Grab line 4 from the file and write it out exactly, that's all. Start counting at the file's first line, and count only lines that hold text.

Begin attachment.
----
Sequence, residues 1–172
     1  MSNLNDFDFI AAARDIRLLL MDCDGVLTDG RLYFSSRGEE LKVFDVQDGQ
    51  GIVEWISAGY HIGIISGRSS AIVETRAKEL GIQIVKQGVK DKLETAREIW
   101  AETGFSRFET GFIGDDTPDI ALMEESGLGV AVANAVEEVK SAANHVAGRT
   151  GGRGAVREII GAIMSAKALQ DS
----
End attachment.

   101  AETGFSRFET GFIGDDTPDI ALMEESGLGV AVANAVEEVK SAANHVAGRT